Most people I speak to do not believe that they are healthy. And if we accept that 2/3 of the population is overweight or obese, then it’s fair to say that the majority of people are indeed not healthy.
And so it’s no surprise that most of the advice we are given is to “be healthy”.
– eat healthy foods
– stop eating high fat or high sugar foods
– get lots and lots of exercise.
I think this is great advice. But I do not think it is helpful advice.
You see, I am health realist.
This means that I think it would be absolutely fantastic if everyone:
1. Ate ONLY healthy foods
2. NEVER ate high fat or high sugar foods
3. Would wake up every morning and exercise for 2 hours
BUT I DON’T THINK IT WILL HAPPEN.
When we tell people to be healthy, what it often does is draw sharp contrast between where they are now and where they “should be”. And for most people the gulf seems so large that it is easier to bury their heads in the sand and avoid the issue altogether.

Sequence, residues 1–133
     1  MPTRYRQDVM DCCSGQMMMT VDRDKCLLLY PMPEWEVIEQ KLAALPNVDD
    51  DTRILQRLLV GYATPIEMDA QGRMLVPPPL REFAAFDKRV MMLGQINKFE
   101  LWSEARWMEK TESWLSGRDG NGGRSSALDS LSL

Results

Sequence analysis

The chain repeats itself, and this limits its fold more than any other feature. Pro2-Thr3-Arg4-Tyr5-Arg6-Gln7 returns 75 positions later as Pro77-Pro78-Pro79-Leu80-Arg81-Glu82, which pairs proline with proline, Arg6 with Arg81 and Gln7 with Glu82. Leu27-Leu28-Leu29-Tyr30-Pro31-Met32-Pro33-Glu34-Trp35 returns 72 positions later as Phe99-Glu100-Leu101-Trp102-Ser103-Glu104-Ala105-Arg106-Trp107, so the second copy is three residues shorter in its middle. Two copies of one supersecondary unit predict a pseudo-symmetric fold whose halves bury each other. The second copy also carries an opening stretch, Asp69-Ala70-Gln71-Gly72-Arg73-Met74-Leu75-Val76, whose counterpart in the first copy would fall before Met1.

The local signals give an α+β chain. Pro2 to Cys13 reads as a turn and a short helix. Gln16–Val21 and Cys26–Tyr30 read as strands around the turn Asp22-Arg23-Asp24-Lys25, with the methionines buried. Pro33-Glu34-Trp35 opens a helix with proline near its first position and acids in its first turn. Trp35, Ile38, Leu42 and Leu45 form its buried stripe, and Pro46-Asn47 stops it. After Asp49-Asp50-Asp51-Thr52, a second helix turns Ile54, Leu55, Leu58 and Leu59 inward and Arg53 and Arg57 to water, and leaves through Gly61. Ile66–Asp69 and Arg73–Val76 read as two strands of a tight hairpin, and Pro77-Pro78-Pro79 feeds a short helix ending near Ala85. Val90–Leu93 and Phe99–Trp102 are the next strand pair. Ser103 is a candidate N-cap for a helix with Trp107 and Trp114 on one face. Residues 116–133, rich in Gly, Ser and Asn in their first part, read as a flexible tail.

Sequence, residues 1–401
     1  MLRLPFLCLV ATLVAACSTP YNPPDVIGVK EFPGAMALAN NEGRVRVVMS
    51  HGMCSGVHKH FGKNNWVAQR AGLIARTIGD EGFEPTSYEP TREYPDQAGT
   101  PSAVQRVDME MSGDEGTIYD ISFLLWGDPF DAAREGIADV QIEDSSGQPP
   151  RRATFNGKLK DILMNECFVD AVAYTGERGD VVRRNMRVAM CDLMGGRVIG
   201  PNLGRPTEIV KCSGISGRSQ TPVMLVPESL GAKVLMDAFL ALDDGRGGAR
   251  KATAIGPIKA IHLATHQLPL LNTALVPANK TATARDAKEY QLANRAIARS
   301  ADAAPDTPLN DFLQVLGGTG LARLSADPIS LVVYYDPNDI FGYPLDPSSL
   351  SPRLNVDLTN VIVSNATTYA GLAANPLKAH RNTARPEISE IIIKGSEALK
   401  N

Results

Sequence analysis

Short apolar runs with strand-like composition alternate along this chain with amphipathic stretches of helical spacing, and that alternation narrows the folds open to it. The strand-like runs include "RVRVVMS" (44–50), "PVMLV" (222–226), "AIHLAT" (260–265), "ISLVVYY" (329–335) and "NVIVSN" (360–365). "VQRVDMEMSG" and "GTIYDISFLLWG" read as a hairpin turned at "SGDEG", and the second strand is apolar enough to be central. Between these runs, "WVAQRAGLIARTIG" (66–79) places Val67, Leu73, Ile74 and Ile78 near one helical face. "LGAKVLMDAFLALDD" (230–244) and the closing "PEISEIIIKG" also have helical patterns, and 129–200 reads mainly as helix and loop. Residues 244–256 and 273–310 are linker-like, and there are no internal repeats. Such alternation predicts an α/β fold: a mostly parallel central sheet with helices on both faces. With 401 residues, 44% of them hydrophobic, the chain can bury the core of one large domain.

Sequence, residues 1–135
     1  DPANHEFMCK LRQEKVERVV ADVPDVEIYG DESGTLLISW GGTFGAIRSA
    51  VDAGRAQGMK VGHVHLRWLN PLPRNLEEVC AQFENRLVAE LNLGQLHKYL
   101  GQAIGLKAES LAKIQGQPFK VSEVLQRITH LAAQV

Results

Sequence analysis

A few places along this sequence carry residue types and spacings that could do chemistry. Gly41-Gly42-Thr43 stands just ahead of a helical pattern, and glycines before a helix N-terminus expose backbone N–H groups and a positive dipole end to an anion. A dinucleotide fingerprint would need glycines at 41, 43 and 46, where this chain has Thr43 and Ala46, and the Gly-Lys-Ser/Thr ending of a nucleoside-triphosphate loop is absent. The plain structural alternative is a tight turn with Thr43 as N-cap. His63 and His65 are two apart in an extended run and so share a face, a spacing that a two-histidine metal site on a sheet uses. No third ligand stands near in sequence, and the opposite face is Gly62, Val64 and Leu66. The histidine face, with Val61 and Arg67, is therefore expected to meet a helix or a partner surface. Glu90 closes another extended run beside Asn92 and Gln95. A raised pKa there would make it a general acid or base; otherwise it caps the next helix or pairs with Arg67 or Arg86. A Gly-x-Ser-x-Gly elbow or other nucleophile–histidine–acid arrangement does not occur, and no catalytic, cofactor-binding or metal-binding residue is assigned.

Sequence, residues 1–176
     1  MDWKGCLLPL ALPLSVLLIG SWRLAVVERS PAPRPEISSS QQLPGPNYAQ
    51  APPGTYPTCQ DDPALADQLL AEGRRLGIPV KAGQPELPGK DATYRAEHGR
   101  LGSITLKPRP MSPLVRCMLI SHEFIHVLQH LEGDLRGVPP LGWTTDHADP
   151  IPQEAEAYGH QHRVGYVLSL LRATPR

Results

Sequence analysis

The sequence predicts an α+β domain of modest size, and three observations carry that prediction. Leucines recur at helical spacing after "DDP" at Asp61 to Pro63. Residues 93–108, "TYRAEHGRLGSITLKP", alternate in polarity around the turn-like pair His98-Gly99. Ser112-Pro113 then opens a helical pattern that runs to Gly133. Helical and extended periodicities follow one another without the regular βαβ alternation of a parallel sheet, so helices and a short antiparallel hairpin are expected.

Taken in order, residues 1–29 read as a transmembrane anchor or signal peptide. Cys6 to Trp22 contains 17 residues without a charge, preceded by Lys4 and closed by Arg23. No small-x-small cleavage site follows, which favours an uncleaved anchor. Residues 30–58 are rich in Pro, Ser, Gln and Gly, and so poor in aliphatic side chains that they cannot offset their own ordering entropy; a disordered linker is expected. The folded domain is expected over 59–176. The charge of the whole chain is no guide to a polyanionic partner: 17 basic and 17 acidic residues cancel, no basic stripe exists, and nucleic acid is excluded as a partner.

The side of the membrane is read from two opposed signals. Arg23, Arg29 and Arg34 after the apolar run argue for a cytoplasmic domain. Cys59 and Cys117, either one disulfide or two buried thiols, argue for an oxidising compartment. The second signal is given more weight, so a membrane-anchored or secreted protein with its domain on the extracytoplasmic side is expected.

As a health realist, I don’t believe in the “all or nothing” approach to health. I appreciate that there is an ideal that we should be aiming for, but I will never let the ideal get in the way of progress. I know that even losing 5% of body weight has significant health advantages and so when I see people give up because they can’t get to the ideal, then I think we have done them a disservice.
This is why I say that the aim should not be to “be healthy”. It should be to “be healthier”.
Not everyone feels that they can “be healthy”. But I’m sure almost everyone believes they can “be healthier”.
A realist approach to health is about setting reasonable goals and making small manageable changes; appreciating the reality of the person’s current situation and working within those limitations. Once an initial (smaller) goal is accomplished it’s easier to build on these victories than to aim big from the outset.
As Voltaire wrote: “Perfect is the enemy of good”. Be healthier rather than healthy.